Rare and Emerging Fungal Pulmonary Infections

Jay B. Varkey, MD; John R. Perfect, MD


Semin Respir Crit Care Med. 2008;29(2):121-131. 

In This Article


In this review, we attempted to provide insights into the major rare and emerging fungal pathogens that produce pulmonary disease. We did not emphasize signs, symptoms, and radiographic presentations because they are not particularly specific or helpful to the clinician. What is most important is that the clinician recognizes the host risk factors and immune status, and in unexplained pulmonary disease, there must be aggressive collection of pulmonary tissue for histopathology, culture, and possibly PCR identification. Proper identification of recovered fungi can allow prediction of disease-producing potential even when recovery is from nonsterile sites such as BAL fluid. On the other hand, the lung is exposed to a nonsterile environment, and some fungal spores cannot produce disease even in the "human petri dish" that some of our patients have become. For instance, even in lung transplant recipients, the frequent isolation from BALs of the very nonpathogenic species such as Penicillium, Rhinocladiella, and most Cladosporium species are rarely significant. However, if Cladophialophora bantiana or Dactylaria galloparum were grown from BAL, then searching for clinical disease is very important.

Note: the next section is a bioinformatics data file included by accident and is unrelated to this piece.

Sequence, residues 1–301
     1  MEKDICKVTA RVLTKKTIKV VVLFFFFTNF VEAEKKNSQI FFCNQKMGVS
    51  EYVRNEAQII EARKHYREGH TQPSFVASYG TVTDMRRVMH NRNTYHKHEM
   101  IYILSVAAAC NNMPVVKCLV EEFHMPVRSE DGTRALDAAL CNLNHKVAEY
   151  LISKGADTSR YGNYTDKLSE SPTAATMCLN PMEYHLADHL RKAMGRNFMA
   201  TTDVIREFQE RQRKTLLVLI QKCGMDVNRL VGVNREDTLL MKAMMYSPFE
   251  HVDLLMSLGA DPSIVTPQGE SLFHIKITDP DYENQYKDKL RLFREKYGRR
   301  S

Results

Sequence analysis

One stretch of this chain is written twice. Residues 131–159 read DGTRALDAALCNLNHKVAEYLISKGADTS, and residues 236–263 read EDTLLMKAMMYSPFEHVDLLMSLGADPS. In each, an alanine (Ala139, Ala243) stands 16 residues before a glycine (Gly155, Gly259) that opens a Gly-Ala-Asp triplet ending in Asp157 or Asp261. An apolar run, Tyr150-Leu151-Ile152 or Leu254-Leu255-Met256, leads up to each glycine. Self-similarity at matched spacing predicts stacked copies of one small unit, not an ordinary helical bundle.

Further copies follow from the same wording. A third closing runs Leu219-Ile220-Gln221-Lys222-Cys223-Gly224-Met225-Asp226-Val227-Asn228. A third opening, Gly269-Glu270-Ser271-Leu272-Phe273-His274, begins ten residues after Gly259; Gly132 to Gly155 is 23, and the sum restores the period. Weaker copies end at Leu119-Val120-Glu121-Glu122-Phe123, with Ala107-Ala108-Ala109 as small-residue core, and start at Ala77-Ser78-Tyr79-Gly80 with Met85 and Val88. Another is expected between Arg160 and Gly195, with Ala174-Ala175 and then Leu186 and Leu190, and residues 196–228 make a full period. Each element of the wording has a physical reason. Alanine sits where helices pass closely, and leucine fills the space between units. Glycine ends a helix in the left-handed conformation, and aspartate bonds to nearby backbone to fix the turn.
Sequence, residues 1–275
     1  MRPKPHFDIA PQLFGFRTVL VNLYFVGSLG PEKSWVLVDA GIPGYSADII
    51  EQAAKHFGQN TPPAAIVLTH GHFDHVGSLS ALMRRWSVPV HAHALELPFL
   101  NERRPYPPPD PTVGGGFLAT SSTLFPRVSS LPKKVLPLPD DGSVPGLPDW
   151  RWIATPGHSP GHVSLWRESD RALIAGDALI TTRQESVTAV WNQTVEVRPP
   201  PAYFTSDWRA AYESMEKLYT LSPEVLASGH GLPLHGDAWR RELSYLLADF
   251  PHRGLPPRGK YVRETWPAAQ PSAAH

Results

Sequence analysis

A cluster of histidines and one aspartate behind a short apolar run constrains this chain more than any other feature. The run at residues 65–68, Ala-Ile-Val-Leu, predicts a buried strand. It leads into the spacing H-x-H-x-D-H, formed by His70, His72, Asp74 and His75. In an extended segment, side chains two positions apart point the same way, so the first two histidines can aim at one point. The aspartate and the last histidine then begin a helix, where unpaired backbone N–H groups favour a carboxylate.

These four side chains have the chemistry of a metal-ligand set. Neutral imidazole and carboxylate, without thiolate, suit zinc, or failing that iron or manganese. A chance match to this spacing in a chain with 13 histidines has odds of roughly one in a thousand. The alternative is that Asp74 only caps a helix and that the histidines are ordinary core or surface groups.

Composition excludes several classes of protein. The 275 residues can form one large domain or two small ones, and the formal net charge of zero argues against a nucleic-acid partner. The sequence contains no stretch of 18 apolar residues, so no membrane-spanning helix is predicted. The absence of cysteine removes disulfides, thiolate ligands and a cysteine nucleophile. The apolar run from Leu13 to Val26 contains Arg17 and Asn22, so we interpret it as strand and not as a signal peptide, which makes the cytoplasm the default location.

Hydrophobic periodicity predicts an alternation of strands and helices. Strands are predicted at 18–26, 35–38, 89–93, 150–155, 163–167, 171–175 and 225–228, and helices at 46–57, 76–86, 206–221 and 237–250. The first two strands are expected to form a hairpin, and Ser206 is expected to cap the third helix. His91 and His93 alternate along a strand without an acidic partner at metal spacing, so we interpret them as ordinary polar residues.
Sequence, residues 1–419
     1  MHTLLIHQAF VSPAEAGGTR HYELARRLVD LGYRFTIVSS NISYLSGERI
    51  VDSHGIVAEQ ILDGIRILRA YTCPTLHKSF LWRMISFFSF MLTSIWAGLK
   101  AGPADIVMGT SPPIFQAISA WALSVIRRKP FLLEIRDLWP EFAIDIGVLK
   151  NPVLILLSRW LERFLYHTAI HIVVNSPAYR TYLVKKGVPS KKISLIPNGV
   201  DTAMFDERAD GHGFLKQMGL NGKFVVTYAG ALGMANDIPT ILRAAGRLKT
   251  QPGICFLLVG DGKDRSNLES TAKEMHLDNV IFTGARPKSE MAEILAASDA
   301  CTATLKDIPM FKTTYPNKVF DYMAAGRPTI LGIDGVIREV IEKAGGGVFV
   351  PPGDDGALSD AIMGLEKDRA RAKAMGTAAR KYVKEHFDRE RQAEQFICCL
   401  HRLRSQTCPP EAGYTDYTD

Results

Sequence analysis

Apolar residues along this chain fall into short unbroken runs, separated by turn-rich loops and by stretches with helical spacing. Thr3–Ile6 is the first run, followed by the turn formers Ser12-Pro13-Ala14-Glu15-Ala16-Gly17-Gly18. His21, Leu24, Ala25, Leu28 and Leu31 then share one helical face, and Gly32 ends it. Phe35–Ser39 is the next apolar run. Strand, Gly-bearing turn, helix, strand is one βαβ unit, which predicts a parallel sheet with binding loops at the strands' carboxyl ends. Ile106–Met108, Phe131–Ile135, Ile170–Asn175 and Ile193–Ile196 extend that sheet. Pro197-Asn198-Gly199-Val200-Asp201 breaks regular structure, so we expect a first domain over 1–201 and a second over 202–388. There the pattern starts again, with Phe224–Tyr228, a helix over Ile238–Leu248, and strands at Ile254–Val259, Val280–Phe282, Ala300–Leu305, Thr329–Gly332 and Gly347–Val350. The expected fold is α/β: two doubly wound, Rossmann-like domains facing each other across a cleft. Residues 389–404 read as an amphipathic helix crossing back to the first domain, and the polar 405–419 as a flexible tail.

In Table 1 ,[85,89,90,91,92,93,94,95,96,97,98,99] we have listed several examples of some of the unusual fungi that have caused pulmonary disease. This list is not comprehensive, and it is likely that many more unusual fungi have and will continue to cause disease in the future, but this table helps one to appreciate that the combination of immune suppression and environmental exposure can produce the perfect condition for an unusual fungus to produce disease. In fact, the case of Fonsecaea pneumonia[89] illustrates another important principle. Rare fungi may be causing disease as a coinfection with another pathogen or even another fungus at the same or different site. The clinician must be aggressive in making the correct diagnosis, and then management is individualized. With several classes of antifungals, surgery and control of underlying disease, success in management can be achieved for these rare and emerging fungi, but we have to document that they are producing disease.


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